Days before an already polarizing election cycle, President Donald Trump has nominated Justice Amy Coney Barrett to fill the highest judicial seat: the Supreme Court. If confirmed by the Senate, Barrett will fill the seat of late Justice Ruth Bader Ginsburg.
Barrett’s nomination has not arrived free of objection but has called to question President Trump’s motives and the Republican Party’s ethics, in rushing a confirmation just before an election. If confirmed, six Republican justices will dominate the court.
The issue has engrossed sections of the presidential debates, posing questions of ethics, the voter’s right to choose and whether or not Biden’s campaign plans to “pack the court” if Barrett’s appointment is successful.
Barrett is a successful academic law professor at the University of Notre Dame. She currently serves as a judge on the seventh circuit court of appeals and is an active mother to seven children, all under the age of 19. Barrett and her husband Jesse have five biological children and two adopted children from Haiti.
Barrett addressed the Senate Judiciary Committee with an opening statement detailing her love for the law, the United States and the constitution. Barrett described herself as an originalist and a constitutionalist, in turn assuring the committee that she “does not have an agenda.”
Here is her opening statement:
Two healthcare subjects fueled debate from all Democrats on the committee: reproductive rights and the Affordable Care Act.
Senators Corey Booker, Richard Blumenthal and Kamala Harris all crafted intentional questions trying to extract Barrett’s views on both the bill and abortion rights. Barrett is a pro-life catholic.
She responded by invoking the “Ginsburg Rule”— a popular technique used in hearings to show impartiality and fairness in regards to answering hypothetical rulings.
“Justice Ginsburg with her characteristic pithiness used this to describe how a nominee should comport herself at a hearing. No hints, no previews, no forecasts. That had been the practice of nominees before her. But everybody calls it the Ginsburg rule because she stated it so concisely,” said Barrett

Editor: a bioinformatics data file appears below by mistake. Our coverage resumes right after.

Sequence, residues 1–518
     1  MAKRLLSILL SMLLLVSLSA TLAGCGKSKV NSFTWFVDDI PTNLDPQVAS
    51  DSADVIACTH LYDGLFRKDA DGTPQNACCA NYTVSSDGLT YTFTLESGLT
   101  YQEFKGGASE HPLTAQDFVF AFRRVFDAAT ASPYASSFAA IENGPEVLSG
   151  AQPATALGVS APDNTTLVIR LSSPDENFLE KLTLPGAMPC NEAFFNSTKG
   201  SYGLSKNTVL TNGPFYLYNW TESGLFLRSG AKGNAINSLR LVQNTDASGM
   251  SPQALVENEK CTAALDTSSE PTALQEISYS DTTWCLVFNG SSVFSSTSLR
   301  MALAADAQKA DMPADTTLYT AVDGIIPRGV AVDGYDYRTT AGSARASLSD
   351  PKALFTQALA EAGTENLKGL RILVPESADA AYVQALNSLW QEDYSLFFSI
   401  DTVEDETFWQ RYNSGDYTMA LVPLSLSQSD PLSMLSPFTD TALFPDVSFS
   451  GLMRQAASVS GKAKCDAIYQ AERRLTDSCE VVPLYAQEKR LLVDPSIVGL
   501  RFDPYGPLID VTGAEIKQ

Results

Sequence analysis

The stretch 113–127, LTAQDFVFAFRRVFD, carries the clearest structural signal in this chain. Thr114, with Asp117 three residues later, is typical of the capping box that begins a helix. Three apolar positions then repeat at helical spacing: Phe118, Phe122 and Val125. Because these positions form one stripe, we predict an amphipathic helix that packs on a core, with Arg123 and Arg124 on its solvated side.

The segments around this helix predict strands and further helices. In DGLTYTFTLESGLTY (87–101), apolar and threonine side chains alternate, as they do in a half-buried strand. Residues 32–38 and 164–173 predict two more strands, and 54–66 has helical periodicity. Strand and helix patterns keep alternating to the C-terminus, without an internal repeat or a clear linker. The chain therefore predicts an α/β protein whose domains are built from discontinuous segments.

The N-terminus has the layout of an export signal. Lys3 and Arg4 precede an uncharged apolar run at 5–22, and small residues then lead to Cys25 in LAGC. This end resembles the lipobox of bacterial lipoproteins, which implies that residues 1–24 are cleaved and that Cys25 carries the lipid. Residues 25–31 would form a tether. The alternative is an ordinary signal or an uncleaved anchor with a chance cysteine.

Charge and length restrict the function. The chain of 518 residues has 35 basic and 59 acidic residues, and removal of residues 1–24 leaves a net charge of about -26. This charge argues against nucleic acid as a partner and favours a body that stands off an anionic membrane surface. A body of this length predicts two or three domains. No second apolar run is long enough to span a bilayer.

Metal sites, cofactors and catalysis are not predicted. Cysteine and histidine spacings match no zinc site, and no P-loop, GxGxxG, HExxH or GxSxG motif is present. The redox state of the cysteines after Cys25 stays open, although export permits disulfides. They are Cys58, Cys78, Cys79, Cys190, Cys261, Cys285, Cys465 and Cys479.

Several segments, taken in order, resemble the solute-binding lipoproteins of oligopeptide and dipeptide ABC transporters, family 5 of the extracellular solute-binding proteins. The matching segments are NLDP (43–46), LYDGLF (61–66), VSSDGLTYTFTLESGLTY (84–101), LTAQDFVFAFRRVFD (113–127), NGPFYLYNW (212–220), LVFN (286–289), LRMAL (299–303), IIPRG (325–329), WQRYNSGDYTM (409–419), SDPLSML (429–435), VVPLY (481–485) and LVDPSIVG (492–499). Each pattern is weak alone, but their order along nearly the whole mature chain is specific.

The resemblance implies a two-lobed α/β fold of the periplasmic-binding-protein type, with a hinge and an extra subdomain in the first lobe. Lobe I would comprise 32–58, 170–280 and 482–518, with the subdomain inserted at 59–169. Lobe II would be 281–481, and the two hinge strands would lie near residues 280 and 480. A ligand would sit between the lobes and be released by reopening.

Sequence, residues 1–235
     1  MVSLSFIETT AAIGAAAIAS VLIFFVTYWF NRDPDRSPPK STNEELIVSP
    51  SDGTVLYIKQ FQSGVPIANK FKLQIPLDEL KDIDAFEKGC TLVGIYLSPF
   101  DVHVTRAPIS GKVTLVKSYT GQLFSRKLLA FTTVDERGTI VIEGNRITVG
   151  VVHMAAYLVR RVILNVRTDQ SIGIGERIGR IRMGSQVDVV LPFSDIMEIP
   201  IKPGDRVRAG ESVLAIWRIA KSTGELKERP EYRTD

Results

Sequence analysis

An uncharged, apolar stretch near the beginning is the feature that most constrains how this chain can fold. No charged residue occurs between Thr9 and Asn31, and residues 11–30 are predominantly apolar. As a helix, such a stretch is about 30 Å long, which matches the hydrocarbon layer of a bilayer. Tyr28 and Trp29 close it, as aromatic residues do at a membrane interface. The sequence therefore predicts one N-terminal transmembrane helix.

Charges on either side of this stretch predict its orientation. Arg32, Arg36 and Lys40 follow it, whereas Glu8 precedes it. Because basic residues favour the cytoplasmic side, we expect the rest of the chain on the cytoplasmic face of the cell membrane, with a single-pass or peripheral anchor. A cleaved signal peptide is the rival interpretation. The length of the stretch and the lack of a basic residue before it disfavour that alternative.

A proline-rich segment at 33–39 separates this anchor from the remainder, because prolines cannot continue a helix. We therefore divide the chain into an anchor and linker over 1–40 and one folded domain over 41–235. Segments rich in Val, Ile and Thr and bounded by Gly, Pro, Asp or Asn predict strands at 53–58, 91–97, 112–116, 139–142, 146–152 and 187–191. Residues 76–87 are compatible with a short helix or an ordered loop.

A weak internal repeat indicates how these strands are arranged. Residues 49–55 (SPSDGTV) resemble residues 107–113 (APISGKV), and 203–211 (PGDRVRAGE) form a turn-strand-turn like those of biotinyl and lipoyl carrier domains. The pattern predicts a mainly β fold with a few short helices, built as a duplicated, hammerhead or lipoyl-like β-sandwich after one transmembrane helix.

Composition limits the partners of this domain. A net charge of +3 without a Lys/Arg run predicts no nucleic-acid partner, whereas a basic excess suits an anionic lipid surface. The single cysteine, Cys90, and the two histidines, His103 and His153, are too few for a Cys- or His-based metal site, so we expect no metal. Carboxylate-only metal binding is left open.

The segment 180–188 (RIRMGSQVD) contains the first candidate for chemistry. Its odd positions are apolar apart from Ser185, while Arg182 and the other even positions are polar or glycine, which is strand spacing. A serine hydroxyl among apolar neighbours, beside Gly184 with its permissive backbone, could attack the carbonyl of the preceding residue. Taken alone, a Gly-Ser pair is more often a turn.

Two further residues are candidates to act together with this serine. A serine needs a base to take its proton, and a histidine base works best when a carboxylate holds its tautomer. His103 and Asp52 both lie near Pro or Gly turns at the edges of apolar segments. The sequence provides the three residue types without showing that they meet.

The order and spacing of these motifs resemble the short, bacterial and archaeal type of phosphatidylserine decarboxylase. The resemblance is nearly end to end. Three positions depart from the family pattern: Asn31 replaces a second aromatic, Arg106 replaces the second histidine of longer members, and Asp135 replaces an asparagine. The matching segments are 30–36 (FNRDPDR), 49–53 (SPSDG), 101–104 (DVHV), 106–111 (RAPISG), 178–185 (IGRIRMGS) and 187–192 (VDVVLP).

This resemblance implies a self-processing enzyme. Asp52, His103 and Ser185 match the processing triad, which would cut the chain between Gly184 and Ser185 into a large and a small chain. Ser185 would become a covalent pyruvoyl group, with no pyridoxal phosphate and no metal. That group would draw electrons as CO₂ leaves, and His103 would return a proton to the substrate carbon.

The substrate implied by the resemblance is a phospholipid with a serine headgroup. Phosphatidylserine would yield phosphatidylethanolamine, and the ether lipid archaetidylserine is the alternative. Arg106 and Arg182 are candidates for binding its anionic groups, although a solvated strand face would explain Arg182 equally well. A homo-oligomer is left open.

Here is the exchange between Senator Harris and Judge Barrett:
“More than 20 million Americans could lose their coverage entirely,” said Senator Harris. “Including nearly three million Black Americans and over five million Latino Americans who have received health insurance because of the Affordable Care Act.”
Senator Harris argued that Justice Ginsburg voiced her strong supportive views of women in during her confirmation hearing, dismissing Barrett’s citation of the rule.
Republicans on the other side of the aisle celebrated Justice Barrett’s legal resume and her commitment to service in her personal life.
Here is Judge Barrett’s exchange with Senator Ted Cruz:
On the Democratic side, I think it speaks volumes that collectively they’ve had very few questions for you,” said Senator Cruz. “And virtually none calling into question your credentials which are impeccable.”
Judge Barrett was persistently questioned by Democrats about President Trump, seeking to tie Barrett to the motives and previous statements he made regarding the Affordable Care Act.
“The president has promised to appoint justices who will vote to dismantle that law,” said Senator Dianne Feinstein. “As a candidate he criticized the Supreme Court for upholding the law and said, ‘if I win the presidency, my judicial appointments will do the right thing, unlike Bush’s appointee John Roberts on ObamaCare.’”
In Judge Barrett’s defense, Senator John Cornyn argued that Democrats can’t be certain how Barrett might rule on a case and it would be improper of them to solicit a pledge from the nominee about how she would handle a challenge to the ACA and other lawsuits, according to The Hill.
Barrett pledged to keep an open mind on any matter that comes to the court.
Up until now, Judge Barrett has accepted her nomination and attended four days of Senate hearings.
The Senate Judiciary Committee—made of 22 members— will vote on Oct. 22 at 1 p.m. EDT.
Republicans hold advantages in the full Senate and the Senate Judiciary Committee, meaning Barrett’s nomination is expected to pass the panel and move to the full Senate for approval, according to USA Today.
The Democrats have threatened to boycott the vote, though if all 12 Republican committee members attend, the vote can move forward.
The final vote date in the Senate is still unclear but is likely to happen the week of Oct. 26 – just days before the Nov. 3 election.